ed in off-site consequence or environmental damage,
                          then the facility must complete the questionnaire.
Chemical Emergency Preparedness .and Prevention Office
                                                       \Priritedon recycled paper

                               Accidental Release Information Program (ARIP)
                                      September 1994
ARIP Questionnaires

The ARIP questionnaire consists of 23 questions about
the facility, the circumstances and causes of the incident,
and the accidental release prevention practices and tech-
nologies in place prior to, and added or changed as a
result of, the event. The questionnaire focuses on several
areas'of accident prevention including hazard assess-
ments, training, emergency response, public notification
procedures, mitigation techniques, and prevention equip-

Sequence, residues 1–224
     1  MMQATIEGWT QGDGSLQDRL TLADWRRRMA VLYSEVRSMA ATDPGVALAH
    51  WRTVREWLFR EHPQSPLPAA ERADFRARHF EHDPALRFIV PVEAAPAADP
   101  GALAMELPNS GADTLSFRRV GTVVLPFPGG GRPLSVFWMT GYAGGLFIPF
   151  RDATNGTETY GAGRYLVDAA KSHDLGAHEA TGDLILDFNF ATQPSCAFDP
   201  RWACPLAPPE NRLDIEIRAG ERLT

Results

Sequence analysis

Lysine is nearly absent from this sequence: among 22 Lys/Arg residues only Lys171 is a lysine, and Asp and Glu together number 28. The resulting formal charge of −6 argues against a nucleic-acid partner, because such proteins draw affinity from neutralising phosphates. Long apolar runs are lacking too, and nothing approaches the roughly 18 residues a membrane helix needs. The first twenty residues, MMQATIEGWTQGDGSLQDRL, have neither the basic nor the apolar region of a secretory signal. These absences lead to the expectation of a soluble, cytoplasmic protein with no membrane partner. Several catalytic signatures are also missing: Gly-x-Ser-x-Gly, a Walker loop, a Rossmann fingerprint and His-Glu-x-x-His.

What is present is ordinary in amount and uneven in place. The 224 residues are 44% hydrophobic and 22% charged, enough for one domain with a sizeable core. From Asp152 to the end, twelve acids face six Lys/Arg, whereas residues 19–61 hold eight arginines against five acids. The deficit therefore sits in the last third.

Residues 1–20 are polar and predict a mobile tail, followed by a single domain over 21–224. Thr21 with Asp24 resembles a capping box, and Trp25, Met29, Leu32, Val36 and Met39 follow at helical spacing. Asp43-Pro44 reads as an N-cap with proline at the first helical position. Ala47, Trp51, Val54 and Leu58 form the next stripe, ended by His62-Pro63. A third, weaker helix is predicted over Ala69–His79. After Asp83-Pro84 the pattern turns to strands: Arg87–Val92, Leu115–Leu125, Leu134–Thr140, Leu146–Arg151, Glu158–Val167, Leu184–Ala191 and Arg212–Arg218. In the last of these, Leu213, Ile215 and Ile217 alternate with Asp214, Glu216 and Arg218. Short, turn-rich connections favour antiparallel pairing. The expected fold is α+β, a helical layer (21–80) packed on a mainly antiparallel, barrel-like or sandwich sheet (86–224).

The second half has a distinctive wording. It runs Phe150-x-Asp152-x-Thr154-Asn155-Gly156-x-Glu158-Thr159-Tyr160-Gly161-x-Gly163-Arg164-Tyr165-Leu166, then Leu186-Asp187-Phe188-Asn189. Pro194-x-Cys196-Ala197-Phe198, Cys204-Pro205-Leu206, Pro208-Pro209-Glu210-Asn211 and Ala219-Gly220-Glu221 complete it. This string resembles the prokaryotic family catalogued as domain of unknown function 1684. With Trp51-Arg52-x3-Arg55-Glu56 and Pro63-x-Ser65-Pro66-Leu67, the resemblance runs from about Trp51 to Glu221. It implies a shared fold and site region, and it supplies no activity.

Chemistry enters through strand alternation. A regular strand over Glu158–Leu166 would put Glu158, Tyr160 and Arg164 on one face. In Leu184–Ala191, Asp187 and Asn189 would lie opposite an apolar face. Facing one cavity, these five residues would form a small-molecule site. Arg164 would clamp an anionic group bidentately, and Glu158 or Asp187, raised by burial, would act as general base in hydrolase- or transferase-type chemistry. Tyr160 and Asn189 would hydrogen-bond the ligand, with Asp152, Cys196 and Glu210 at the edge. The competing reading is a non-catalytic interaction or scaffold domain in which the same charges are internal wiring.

ment and controls.
The EPA regions send each selected facility a package
that contains a cover letter explaining the ARIP program,
the criteria for completing the questionnaire, and direc-
tions for completing the ARIP questionnaire.  Part A of
the questionnaire contains the available EPA information
about the event from the ERNS database. Part B of the
questionnaire contains questions concerning the facility,
substance released, and prevention practices. The facility
is asked to verify and correct the ERNS information in
Part A, to complete Part B of the questionnaire, and to
return both parts to the regional office. The regional office
then forwards a copy of the completed questionnaire to
EPA headquarters. Verified ERNS information is used to
validate the ERNS database for these events.

ARIP Database
When EPA headquarters receives the questionnaire,